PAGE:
• Warning: Spoilers
    When the Warner's cartoon studio was at its best in the 1940s and early 1950s, the animators there turned out shorts which were original, well-crafted, and above all funny. But by the 1960s, its cartoons were seldom better than routine. Gags which had been "done earlier and better" became dominant, and in most cases there was little wit to the stories.

    "Mexican Cat Dance" serves notice right away that originality is not its strong point, for it uses footage of El Toro and his human opponent from "Bully for Bugs." During this sequence, the bull's bellows are heard with annoying frequency when the beast is off screen.

    The film improves for a while when Sylvester shows up in atypical posture, pawing and snorting like a bull. But the amusement doesn't last long. Once Speedy begins his one-sided duel with Sylvester, the film becomes predictable and unfunny. "Bully for Bugs" lets two wily characters fight each other with the outcome uncertain until the last minute, but "Mexican Cat Dance" presents a sadistic Speedy and hapless Sylvester. Plus dozens of mice whose obnoxious laughter overwhelms one of the film's few virtues -- surprisingly pleasant music from Bill Lava.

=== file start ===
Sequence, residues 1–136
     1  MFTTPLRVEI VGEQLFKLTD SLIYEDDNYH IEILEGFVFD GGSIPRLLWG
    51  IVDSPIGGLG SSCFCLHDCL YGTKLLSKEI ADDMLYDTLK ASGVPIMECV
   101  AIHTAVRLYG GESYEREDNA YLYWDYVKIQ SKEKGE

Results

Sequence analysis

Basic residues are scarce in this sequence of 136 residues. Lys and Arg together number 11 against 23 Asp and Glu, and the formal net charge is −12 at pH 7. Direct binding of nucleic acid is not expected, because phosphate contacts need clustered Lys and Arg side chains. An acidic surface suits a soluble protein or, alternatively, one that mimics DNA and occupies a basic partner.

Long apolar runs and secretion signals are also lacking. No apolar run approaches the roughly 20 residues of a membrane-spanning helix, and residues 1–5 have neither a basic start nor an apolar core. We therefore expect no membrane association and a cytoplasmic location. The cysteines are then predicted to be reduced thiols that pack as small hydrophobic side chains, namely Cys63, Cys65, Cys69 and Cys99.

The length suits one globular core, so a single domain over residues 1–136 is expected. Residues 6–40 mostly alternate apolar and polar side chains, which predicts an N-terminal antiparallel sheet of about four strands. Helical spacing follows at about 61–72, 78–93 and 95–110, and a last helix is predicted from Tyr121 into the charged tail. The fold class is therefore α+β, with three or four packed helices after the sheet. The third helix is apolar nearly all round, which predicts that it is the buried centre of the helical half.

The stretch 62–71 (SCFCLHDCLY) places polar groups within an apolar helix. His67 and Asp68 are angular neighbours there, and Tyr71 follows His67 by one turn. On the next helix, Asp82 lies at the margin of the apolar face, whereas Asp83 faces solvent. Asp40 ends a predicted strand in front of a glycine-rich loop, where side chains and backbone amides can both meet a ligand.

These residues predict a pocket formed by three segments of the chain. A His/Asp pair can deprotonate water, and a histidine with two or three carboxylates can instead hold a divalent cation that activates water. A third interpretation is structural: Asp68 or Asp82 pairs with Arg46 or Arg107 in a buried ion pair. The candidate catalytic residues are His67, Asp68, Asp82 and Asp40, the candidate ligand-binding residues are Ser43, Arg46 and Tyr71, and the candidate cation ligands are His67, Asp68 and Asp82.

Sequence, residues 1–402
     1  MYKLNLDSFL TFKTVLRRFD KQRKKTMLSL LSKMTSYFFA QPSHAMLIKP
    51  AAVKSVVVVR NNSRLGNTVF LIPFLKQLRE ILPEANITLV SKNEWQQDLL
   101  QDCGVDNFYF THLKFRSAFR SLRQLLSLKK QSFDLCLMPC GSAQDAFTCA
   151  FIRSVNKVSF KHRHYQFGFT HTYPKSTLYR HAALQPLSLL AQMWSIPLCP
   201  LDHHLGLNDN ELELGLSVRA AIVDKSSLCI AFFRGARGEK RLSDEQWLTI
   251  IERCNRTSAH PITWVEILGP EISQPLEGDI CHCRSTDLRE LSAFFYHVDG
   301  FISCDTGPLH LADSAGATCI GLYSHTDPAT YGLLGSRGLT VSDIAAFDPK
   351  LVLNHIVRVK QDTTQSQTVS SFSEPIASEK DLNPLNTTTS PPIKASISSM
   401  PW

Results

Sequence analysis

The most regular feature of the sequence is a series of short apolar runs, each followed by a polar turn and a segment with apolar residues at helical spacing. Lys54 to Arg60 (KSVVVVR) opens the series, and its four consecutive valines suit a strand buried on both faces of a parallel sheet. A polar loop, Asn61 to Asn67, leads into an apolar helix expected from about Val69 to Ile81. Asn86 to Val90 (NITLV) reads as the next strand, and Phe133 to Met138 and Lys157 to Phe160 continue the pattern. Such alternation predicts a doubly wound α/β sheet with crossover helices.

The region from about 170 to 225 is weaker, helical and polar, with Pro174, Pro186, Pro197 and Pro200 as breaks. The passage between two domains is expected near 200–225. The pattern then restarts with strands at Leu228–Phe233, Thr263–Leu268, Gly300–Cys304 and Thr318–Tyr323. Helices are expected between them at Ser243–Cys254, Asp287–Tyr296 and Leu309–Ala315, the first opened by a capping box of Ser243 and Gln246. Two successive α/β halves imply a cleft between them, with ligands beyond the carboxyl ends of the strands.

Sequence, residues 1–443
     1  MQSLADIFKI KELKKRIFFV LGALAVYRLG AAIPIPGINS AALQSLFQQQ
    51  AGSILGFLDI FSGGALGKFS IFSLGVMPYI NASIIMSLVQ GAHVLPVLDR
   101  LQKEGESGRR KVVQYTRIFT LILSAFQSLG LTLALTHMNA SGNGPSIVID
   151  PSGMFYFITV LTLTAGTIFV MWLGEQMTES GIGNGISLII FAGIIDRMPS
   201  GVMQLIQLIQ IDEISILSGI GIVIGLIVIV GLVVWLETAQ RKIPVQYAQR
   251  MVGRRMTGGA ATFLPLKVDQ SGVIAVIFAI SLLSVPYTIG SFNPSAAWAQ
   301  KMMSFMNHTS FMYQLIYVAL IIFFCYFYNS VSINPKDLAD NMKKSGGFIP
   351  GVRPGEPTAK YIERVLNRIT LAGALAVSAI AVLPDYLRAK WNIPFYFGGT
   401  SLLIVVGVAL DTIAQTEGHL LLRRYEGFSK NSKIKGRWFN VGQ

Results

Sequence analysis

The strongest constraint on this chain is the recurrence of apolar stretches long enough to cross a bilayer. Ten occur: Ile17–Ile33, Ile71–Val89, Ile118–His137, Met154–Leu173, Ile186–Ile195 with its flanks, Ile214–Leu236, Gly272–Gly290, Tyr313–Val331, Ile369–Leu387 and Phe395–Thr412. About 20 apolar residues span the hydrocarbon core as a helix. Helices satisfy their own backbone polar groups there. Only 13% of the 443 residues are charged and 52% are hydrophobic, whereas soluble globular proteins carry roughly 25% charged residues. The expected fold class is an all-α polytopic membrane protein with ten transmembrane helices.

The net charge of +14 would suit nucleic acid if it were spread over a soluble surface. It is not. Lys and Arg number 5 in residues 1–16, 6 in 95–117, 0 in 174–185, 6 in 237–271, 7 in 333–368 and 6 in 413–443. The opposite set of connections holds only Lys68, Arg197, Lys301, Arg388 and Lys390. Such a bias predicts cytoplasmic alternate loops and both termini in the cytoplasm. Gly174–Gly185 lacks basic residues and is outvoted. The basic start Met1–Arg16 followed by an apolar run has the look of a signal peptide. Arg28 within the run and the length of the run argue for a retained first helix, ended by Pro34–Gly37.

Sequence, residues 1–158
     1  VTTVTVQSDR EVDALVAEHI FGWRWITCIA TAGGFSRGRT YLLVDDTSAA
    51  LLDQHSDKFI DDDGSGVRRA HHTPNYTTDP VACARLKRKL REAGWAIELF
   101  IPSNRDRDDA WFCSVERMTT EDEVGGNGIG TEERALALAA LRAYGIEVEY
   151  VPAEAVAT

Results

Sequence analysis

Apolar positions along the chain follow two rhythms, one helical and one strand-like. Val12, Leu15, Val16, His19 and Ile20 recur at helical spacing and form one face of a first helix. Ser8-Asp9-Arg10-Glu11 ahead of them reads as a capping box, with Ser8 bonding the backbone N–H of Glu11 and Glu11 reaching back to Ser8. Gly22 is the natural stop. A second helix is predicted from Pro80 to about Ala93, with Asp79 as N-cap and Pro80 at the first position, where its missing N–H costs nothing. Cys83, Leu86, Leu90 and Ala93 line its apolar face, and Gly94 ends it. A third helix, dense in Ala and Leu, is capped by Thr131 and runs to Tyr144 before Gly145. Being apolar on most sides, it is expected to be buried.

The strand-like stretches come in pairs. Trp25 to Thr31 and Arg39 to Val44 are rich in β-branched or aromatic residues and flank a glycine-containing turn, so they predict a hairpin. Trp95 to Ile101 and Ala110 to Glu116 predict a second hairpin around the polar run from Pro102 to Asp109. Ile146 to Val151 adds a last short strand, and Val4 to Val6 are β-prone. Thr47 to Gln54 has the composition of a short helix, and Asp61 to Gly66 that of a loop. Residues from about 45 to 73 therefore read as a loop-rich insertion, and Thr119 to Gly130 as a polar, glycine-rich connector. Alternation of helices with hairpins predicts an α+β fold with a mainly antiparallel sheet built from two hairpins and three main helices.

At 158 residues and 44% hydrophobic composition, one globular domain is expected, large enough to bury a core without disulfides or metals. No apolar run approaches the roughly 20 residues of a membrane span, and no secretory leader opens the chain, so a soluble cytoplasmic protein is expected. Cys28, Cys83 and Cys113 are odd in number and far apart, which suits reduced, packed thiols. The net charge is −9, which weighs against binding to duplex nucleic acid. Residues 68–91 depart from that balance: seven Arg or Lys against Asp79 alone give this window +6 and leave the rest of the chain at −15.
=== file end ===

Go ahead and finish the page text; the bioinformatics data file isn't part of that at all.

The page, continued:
A signature gag finds Sylvester chasing Speedy until the mouse opens a door for the cat to crash into. We see Sylvester's pitiful face framed in the wood. It would have been better to fling Sylvester out of the arena and through a market so that the cat could be garlanded with flowers and fruit (the artists still had more than enough talent to make such a sight gag pleasing).

    Sylvester does leave the arena at the end -- upside down, plowing the ground while rocket skates on his feet provide thrust. This gag was done earlier and to more audience laughter by Wile E. Coyote. Overall, "Mexican Cat Dance" is an example of director Friz Freleng at his most derivative and least funny nature.

    -Tony